Teamwork: Working toward Cannabis Regulation
March 17, 2017
By Hank Weston, Supervisor, District IV
As many of you may be aware, the regulation of marijuana, also referred to as cannabis, is a controversial issue here in Nevada County, with both proponents for and opponents against marijuana-related activities. To provide some background on the issue, Nevada County first adopted Ordinance 2349 in 2012 regarding the regulation of medical marijuana cultivation. Four years later, in January 2016, an Urgency Ordinance 2405 was adopted in response to increasing constituent complaints and new state legislation that effectively banned outdoor grow operations of cannabis. In addition to the adoption of Ordinance No. 2405, the Board of Supervisors passed Resolution No. 16-038 seeking to place provisions related to the outdoor cultivation ban on the June 2016 ballot (Measure W). To clarify the Board's intention in the event Measure W failed, the Board of Supervisors passed Resolution 16-082 in February 2016. By passing this Resolution, the Board committed to repeal the outdoor cultivation ban and implement alternative cultivation regulations at the next available meeting after the results of the election were certified. Subsequently, on June 7, 2016, Measure W failed to pass.
To honor the Board's commitment to repeal the outdoor ban and implement alternative cultivation regulations as soon as possible, the Board adopted an interim ordinance, Ordinance 2416, on July 27, 2016 after consultation with its marijuana subcommittee and applicable stakeholders, with the intent that the Board and staff would work to develop a more comprehensive permanent ordinance based on input and discussion with all applicable stakeholder interests. The current ordinance allows for limited indoor and outdoor cultivation in rural and agricultural zones. Subsequently, on November 8, 2016, California voters passed Proposition 64, the Control, Regulate and Tax Adult Use of Marijuana Act (commonly referred to as "AUMA") allowing adults 21 years of age or older to legally cultivate, possess and use marijuana for nonmedical purposes, with certain restrictions.
Therefore, to address the community's concerns over the issue and to address the new legal landscape regarding cannabis regulation, the Board has established a Marijuana Subcommittee to provide recommendations for a permanent ordinance. District V Supervisor, Richard Anderson, and I sit on the Marijuana Subcommittee. We recognize that cannabis and its regulation is a very contentious issue and seek to gain input from applicable stakeholders in the most productive and effective manner possible through an advisory group that includes various stakeholders. To ensure that the process by which stakeholder input is obtained is as efficient and effective as possible, the County released a Request for Proposal (RFP) on December 16, 2016 seeking consulting and facilitation services for the advisory group. Out of that RFP, the County received 16 proposals, of which 5 finalists were interviewed. After ranking all of the RFPs, the County selected MIG, Inc. as its top choice.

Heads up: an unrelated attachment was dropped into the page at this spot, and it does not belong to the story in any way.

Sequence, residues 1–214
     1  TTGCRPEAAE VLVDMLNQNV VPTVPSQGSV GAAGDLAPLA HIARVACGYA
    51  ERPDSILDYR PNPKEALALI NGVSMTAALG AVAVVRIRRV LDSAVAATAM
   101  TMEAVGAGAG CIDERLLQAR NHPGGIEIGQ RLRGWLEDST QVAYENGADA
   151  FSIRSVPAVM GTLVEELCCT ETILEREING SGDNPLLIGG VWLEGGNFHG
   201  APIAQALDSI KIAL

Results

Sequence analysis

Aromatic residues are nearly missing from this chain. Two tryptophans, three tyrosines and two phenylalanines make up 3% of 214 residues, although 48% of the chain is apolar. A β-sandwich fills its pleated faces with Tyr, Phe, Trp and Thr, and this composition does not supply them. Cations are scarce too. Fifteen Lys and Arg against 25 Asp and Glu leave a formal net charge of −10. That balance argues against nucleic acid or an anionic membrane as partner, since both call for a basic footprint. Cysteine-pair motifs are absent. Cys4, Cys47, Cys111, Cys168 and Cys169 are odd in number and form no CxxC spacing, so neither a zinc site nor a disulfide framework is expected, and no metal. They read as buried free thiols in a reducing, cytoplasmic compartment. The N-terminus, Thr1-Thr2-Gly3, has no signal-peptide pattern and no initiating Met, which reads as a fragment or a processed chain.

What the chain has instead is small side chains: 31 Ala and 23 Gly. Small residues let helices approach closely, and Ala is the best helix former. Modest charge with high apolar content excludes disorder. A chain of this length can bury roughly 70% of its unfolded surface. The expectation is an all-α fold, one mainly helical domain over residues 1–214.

MIG, Inc. is a multidisciplinary firm with over 200 staff that provides services in the interconnected disciplines of community planning, public engagement, facilitation, interagency collaboration, environmental resources planning, and communication. The areas of expertise that MIG, Inc. offers is wide reaching; from facilitation and consensus building, to community engagement and outreach, to zoning and development codes, to community and regional planning. The firm has an impressive list of successful projects that contain complex and controversial issues as they relate to planning, community outreach, and land use. MIG, Inc. will be assisting the County with forming the Advisory Group, administering and facilitating the Advisory Group, acting as a liaison between the public, the County departments, the Advisory Group and Board of Supervisors and documenting the results to inform and provide recommendations to the Board of Supervisors on a permanent ordinance. Currently, the County is in negotiations with MIG, Inc. to finalize a contract and its scope of work. I believe MIG, Inc. will greatly help with developing an ordinance that in large part meets the concerns and needs over cannabis in Nevada County.
In other important news, the Penn Valley Pipeline Construction Project continues to move forward. In early March, construction was done on Pleasant Valley Road near Gate 1 of Lake Wildwood. Moving forward, the controlled traffic will continue down Pleasant Valley Road until the in-road portion of the pipeline construction reaches the Lake Wildwood Wastewater Treatment Plant. Two-way traffic will be kept open when possible to reduce impacts, but residents should prepare for delays.
Last but not least, Nevada County Planning Department is currently reviewing an application to expand Wildwood Self Storage, LLC for a Lot Line Adjustment and Use Permit to allow a 22,900 square foot expansion of the existing self-storage facility. The proposal would include six new mini storage buildings off Pleasant Valley Road about ¼ miles north of Highway 20 and would allow some outdoor storage area. The Planning Department is currently reviewing a second submittal after requesting some minor changes to the proposal including additional landscaping screening along Pleasant Valley Road. The Planning Department will be reviewing the proposal over the next several months before preparing an environmental document for public comment.
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